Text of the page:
- The Washington Times - Friday, January 17, 2003

The ACC is investigating Maryland coach Gary Williams' charge that an official intimated retaliation in a coming game during the final moments of the Terrapins' 81-72 loss to Wake Forest on Wednesday night in Winston-Salem, N.C.
ACC associate commissioner Fred Barakat declined comment yesterday other than to say the league would have a decision soon after reviewing the incident. Barakat wouldn't offer a timetable or details of talks with Williams, saying the league wanted first to understand events completely.
Williams claimed during postgame interviews that one official, whom he wouldn't name, said he'd "see us next week" without indicating whether it would be for Maryland's game at North Carolina on Wednesday or at Clemson on Jan.25.
ACC sources said Williams was referring to Doug Chowes, who called technicals on the coach and senior point guard Steve Blake. Both calls came in front of Maryland's bench during the second half. The one against Blake occurred with 16 seconds left and the Terps trailing 79-72.
By complaining, Williams ended his long public silence on officiating, saying ACC policy no longer seemed restrictive after Virginia coach Pete Gillen wasn't censured for criticizing officials. Earlier in the week, Georgetown coach Craig Esherick wasn't penalized by the Big East for saying refs weren't adequately protecting Hoyas standout Mike Sweetney in a game against West Virginia a MCI Center.
Williams didn't criticize the game's calls that sent Wake Forest to the foul line 42 times to Maryland's 18. But he did say, "I'm a little tired of that supposedly there's rules in the ACC about coaches commenting after games about officials, [but] it seems like it's OK if you do it."
The bitter loss even spilled over to the postgame. Players were involved in a shouting match, and Wake Forest band members were moved away from the court when Maryland's players headed for the locker room.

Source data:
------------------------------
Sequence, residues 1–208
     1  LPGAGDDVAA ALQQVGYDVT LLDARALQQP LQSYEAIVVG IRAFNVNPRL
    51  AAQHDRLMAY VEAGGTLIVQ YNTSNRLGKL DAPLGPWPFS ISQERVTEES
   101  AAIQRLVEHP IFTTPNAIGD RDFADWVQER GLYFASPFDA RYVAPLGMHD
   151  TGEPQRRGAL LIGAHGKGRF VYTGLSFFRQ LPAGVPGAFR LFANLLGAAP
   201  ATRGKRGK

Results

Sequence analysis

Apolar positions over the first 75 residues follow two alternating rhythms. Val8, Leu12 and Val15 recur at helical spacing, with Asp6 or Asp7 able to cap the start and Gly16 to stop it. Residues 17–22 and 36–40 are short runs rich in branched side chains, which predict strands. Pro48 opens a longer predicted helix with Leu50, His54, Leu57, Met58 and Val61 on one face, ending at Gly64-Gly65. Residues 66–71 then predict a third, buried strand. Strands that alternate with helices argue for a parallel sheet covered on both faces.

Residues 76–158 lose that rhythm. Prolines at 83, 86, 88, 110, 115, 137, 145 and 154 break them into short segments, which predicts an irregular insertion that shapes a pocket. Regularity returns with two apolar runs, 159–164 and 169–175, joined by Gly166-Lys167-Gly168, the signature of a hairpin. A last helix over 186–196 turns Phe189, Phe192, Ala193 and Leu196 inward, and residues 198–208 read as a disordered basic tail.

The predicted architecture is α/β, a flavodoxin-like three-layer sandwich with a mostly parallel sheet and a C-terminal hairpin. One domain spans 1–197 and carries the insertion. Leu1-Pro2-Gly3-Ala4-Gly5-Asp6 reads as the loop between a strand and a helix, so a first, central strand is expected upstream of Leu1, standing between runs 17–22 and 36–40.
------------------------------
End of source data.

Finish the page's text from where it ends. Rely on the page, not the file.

"It was emotional," Blake said. "[Wake Forest] came at us hard."
But Maryland must quickly overcome that emotion and get ready for No.1 Duke tomorrow at Comcast Center. The No.17 Terrapins (9-4) could fall from the Top 25 for the first time since Nov.15, 1999, if they lose to the Blue Devils (12-0).
Maryland beat six No.1 teams at Cole Field House since 1959, including Duke last season, but the Terps are 0-4 against ranked teams this season. Though Maryland's field goal defense (35.3 percent) leads the nation and the team is second in steals, the Terps have lacked a finishing run in close losses.
Cutting No.19 Wake Forest's 16-point lead to two with 2:43 remaining after a 26-12 streak, coupled with the emotional finish, could re-energize Maryland. Afterward, players appeared more frustrated than disappointed.
"We showed some signs of being able to come back in a tough situation, and hopefully we'll learn from that," Blake said. "[Duke] is a huge game for both programs. I look forward to it."
Said forward Tahj Holden: "We were obviously a better team when we played like that for the five or 10 minutes [it took the Terps to rally]. We should have come out with that effort at the beginning of the game."
Certainly, Maryland will be backed by a fanatical crowd of 17,950 tomorrow for the hated Blue Devils' first visit to Comcast Center. Students have worn anti-Duke shirts since the season's start in anticipation of the game. Duke beat Maryland three of four last season, with the only loss coming at Cole.
Maryland needs stronger efforts from freshmen forwards Nik Caner-Medley and Travis Garrison to counter Duke guard J.J. Redick, whose 34 points in a 104-93 victory over Virginia on Wednesday broke the school scoring record for freshmen. Caner-Medley scored only four points and Garrison none in a combined 19 minutes against Wake Forest.
"That's the edge that Maryland and Duke have in the league," Wake Forest coach Skip Prosser said. "We all have young players, but they have veteran guys around their young guys. Maryland has great synergy between veteran guys and young players. They seem to be playing well together."
Duke coach Mike Krzyzewski said the Maryland game will help gauge whether the Blue Devils can win their second national title in three years.
"I don't know if we've reloaded," he said. "I don't think we're a dominant team. We're hoping to be a good one. We'll find out against the competition the next two weeks how good we'll become."
After tomorrow's game, Duke plays at N.C. State on Wednesday and Georgia Tech at home Jan.25.


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